Degree Granting Department
Thomas W. Klein, Ph.D.
Dendritic cells, EGCG, TNFa, Toll-like Receptors, MHC, CD86, CD40, IL-12
Dendritic cells (DCs) are a migratory group of bone-marrow-derived leukocytes specialized for uptake, transport, processing and presentation of antigens to T cells. Exposure of DCs to bacterial pathogens can induce DC maturation characterized by cytokine production, up-regulation of co-stimulatory molecules and an increased ability to activate T cells. DCs have the ability to restrict growth of L. pneumophila (Lp), an intracellular Gram-negative bacillus that causes a severe form of pneumonia known as Legionnaires' disease, in murine ER-derived organelles (121) but replicate in human DCs (145). Even in human cells, however, lysis of the DCs does not occur for at least 24 hours which may allow DCs time to participate in the transition from innate to adaptive immunity (145).
The primary polyphenol in green tea extract is the catechin (-)-epigallocatechin-3-gallate (EGCG) which accounts for most of the numerous reported biological effects of green tea catechins, including anti-bacterial, anti-tumor, and neuroprotective effects. Primary murine bone marrow derived DCs from BALB/c mice were treated in vitro with Lp, or stimulated for comparison with Escherichia coli lipopolysaccharide (LPS). CD11c, considered an important marker of mouse DCs, and surface expression of co-stimulatory molecules CD40, CD80, CD86, as well as class I/ II MHC molecules was determined by flow cytometry. Treatment of the cells with EGCG inhibited the microbial antigen induced up-regulation of CD11c, CD40, CD80, CD86 and MHC I/ II molecules. EGCG also inhibited, in a dose dependent manner, induced production of the Th1 helper cell activating cytokine, IL-12, and the chemokines RANTES, MIP1a, and MCP-1. However, EGCG upregulated TNFa production.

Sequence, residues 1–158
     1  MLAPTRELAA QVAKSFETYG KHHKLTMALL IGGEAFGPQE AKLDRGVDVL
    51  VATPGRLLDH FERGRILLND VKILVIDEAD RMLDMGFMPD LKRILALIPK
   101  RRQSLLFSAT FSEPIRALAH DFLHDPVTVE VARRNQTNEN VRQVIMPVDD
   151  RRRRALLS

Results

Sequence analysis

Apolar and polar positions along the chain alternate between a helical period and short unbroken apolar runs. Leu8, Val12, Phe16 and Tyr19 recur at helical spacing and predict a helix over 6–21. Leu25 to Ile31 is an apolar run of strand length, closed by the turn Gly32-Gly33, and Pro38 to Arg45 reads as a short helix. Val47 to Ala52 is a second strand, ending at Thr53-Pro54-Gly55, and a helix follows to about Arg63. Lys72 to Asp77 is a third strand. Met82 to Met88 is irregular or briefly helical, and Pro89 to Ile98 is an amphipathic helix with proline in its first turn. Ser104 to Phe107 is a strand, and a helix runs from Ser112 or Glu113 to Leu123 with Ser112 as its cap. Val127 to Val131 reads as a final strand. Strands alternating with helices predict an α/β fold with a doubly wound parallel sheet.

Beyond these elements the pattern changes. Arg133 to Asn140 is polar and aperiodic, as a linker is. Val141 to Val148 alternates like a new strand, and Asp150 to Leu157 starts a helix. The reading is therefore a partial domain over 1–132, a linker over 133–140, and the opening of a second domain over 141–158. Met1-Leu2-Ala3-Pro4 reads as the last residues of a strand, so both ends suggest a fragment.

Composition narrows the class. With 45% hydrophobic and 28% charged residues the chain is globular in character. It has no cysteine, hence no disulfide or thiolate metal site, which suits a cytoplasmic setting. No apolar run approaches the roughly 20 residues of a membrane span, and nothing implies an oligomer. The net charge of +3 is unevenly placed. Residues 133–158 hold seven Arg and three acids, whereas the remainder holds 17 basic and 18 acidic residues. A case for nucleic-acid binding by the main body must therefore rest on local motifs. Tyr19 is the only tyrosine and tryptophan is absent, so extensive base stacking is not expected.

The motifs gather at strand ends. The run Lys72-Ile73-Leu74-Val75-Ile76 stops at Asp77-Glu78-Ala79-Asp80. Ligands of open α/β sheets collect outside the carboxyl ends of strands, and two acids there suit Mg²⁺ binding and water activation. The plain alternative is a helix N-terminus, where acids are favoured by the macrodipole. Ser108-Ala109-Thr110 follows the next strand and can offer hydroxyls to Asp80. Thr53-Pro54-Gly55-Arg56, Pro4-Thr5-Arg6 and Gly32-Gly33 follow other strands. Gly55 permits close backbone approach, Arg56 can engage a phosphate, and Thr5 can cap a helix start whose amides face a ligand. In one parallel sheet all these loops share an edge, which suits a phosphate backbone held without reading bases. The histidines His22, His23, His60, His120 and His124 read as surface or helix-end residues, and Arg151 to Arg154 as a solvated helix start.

In addition, EGCG inhibited both Lp and LPS induced expression of both TLR2 and TLR4 as well as LPS-induced NF-kB activation; all of which are important mediators of DC maturation. The modulation of phenotype and function of DCs by EGCG has implications for host interaction with microbial pathogens like Lp, which involve TLR interaction.
Scholar Commons Citation
Rogers, James L., "Major tea catechin inhibits dendritic cell maturation in response to microbial stimulation" (2007). USF Tampa Graduate Theses and Dissertations.